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Blue Valley, Shawnee Mission school board voters favor 'pro public education,' diversity slates

Blue Valley school board races are nonpartisan but demonstrated a clear ideological divide.
File photo
Shawnee Mission Post
Blue Valley school board races are nonpartisan but demonstrated a clear ideological divide in November 2023.

Candidates for the Blue Valley Board of Education who campaigned as the “pro-public education” slate won their races. Shawnee Mission School District board candidates who voiced strong support for the district’s approach to diversity and equity also won comfortably.

Incumbents on the Blue Valley Board of Education in Johnson County, Kansas, kept their seats, and one newcomer on their informal slate called “The A+ Team” will join them.

All four members of “The A+ Team,“ a slate that campaigned as the “pro-public education” candidates of the election, each garnered the most votes in their respective races, according to unofficial final results from the Johnson County Election Office on Tuesday night.

While the races were nonpartisan, this year’s Blue Valley school board races demonstrated a clear ideological divide between the two groups, which continue a recent trend of more overt partisanship in these historically lower profile local races.

On Tuesday night, the winning candidates widely agreed their victories signaled a desire among voters for a “straightforward” and non-divisive approach from the school board.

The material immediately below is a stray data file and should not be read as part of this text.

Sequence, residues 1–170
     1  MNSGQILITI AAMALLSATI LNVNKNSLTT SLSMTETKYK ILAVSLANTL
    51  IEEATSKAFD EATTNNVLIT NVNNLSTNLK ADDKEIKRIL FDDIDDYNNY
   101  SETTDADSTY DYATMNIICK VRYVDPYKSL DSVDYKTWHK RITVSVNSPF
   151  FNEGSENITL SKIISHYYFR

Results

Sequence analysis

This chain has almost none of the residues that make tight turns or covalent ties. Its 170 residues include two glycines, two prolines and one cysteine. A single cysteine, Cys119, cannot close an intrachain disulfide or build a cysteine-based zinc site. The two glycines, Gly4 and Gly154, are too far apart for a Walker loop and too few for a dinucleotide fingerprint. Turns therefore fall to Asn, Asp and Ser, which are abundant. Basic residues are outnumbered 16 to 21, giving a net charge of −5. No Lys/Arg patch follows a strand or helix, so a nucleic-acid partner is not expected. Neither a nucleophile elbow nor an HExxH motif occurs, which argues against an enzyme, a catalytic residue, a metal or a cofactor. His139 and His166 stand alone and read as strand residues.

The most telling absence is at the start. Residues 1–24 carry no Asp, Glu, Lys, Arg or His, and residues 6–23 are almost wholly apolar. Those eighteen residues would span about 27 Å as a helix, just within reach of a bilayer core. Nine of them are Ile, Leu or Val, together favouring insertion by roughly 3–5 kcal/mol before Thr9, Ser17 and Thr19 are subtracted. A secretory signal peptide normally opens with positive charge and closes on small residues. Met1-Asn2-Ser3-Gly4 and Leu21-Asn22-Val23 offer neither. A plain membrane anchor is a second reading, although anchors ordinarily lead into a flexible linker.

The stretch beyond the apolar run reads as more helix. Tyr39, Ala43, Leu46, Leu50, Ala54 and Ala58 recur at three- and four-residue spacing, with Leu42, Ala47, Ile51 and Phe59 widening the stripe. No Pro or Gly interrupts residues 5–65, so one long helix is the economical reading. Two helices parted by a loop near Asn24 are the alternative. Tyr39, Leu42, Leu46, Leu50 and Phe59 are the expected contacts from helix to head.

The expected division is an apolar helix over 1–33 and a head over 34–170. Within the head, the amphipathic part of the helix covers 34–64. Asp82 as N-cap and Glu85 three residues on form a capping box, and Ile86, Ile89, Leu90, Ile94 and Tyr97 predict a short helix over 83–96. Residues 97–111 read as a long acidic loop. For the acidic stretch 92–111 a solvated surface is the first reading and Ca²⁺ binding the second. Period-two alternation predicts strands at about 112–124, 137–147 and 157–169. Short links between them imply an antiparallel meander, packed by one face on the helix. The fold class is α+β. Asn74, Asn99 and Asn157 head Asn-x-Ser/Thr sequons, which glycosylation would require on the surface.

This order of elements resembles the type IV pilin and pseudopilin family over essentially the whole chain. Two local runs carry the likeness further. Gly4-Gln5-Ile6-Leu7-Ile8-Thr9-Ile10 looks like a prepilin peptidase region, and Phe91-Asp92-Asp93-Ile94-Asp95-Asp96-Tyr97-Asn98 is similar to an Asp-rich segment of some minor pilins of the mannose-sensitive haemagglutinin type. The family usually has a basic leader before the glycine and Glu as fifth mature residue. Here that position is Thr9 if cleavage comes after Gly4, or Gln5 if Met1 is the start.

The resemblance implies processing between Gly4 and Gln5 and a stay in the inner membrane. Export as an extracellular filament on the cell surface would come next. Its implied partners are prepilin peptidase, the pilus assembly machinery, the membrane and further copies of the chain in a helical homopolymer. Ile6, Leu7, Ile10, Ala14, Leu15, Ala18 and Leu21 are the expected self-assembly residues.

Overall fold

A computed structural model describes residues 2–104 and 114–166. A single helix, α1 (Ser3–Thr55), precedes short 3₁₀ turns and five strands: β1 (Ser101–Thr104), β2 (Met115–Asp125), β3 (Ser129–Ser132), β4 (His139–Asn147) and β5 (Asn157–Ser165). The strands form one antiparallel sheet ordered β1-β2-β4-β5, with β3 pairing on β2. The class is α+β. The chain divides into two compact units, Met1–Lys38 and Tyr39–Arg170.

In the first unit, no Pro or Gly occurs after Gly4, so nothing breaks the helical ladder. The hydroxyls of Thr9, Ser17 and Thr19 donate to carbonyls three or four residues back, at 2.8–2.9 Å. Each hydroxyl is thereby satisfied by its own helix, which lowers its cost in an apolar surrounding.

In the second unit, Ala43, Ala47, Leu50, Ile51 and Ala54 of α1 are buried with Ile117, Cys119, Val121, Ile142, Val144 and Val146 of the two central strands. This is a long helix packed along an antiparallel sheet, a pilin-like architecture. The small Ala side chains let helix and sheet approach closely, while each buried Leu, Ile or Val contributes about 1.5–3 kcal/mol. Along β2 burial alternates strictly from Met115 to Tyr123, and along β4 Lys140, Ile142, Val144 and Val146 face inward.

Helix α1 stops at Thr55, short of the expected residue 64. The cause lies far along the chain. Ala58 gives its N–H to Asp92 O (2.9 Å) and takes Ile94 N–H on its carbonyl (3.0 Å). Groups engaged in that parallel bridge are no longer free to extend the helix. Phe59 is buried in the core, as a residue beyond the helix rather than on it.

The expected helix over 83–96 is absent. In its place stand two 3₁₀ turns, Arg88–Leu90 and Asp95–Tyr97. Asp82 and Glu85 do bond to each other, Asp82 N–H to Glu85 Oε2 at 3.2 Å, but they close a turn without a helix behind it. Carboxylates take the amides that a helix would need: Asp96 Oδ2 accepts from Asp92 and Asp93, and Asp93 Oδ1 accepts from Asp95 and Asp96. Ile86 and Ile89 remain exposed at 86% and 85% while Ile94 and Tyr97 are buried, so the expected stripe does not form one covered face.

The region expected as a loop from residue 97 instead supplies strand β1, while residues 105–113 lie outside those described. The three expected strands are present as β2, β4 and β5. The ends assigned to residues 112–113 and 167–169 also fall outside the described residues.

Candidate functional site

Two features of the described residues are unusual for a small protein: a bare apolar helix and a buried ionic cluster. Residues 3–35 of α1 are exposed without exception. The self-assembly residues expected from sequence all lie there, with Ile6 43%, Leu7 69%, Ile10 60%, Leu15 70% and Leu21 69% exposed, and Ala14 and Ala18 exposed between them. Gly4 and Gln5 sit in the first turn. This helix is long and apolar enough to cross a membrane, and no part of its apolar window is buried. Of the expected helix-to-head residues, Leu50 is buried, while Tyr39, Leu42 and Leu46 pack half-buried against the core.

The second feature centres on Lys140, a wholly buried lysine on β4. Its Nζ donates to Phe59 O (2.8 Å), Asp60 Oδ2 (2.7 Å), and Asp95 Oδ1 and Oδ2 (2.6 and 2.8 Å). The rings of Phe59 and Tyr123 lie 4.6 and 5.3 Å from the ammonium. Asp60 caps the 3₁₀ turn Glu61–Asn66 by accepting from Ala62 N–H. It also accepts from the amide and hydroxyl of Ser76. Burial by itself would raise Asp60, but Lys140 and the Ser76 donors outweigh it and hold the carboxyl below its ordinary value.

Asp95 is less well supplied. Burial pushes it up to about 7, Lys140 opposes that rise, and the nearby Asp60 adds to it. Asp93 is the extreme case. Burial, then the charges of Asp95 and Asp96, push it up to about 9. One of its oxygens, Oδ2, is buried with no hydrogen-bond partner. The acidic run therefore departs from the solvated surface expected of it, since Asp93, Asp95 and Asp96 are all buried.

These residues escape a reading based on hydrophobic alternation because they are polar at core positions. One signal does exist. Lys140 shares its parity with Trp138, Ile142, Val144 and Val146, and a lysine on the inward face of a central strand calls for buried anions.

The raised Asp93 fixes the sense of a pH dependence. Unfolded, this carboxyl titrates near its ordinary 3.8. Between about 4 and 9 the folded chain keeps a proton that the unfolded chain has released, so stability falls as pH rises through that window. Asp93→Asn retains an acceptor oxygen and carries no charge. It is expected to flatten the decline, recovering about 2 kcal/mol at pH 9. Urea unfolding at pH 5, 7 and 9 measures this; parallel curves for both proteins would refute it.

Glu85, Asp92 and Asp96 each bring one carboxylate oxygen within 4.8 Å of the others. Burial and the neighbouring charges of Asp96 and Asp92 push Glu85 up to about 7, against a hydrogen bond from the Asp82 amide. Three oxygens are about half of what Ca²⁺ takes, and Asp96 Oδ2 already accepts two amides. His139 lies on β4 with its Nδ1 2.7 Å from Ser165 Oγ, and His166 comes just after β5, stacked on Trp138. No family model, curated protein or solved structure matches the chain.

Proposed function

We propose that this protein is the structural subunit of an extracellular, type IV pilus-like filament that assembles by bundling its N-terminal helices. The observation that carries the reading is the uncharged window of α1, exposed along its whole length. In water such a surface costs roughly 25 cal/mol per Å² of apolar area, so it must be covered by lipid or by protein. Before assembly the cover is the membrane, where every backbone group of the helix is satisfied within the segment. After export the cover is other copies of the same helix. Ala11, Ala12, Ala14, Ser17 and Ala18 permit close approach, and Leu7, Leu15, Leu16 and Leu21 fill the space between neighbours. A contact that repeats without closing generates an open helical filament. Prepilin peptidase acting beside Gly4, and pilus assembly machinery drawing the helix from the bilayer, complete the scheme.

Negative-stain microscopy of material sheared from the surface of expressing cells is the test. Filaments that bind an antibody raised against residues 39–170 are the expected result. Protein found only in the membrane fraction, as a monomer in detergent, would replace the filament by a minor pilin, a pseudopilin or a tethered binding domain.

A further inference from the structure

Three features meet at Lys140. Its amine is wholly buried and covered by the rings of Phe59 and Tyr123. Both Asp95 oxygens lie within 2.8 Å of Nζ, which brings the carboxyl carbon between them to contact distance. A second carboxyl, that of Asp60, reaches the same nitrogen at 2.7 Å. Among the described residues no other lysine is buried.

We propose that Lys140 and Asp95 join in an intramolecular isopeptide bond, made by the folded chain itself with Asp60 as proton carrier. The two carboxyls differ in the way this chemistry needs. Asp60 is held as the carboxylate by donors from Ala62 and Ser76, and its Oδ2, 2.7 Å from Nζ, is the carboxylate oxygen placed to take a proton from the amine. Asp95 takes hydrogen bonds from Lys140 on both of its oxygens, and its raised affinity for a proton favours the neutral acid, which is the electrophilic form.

All election results are unofficial until the vote canvass at 9 a.m. on Tuesday, Nov. 14.

Blue Valley A+ Team

Incumbent candidates Jodie Dietz, Patrick Hurley and Jan Kessinger joined current Blue Valley Recreation Commission Chairman Clay Norkey in the group.

The group’s goals, as outlined in their campaign, centered around four alliterative focus areas: promoting and supporting Blue Valley’s “Academics, Arts, Athletics, and Activities in a safe and secure environment.”

  • In the Position 1 race, Kessinger earned 57% of the total votes.
  • In the Position 2 race, Hurley led with 55% of the total votes.
  • Dietz led in the Position 3 race with 57% of the total votes.
  • In the At-Large race, Norkey took the lead with 57% of the total votes.

On Tuesday night, Kessinger told the Shawnee Mission Post the fact that all four “A+ Team” candidates led the way showed a desire from voters to continue the Blue Valley School District’s “continuous path of success.”

“I’d also say that the voters turned away from partisan efforts and extremism, and in a big way, embraced nonpartisan leadership for the good of all the students and the teachers,” he said. “This election shows that Blue Valley School District should stay the course.”

Hurley echoed the sentiment that Tuesday’s unofficial results show a desire from voters to see school board issues become less divisive and more consistent.

“At the end of the day, those of us who believe, who are aware, who understand how the school district works, how kids get educated, (we) kind of stood up and basically said, ‘This is how we move forward,'” he said. “I think that the community said, ‘You’re right. This is the group that needs to be there.'”

In her next term, Dietz said the first priorities for her and her fellow board members will be to focus on teacher support, special education, safety and mental health.

“I really appreciate our community paying attention and and getting out and voting,” she said. “I think we’re all well equipped to be able to continue to lead the district forward.”

As Norkey begins his first term on the board, he said he looks forward to focusing on teacher recruitment and retention, as well as student success.

“We definitely felt the community support behind us,” he said. “I’m really excited about making sure that we provide the very best education that we can here in our community.”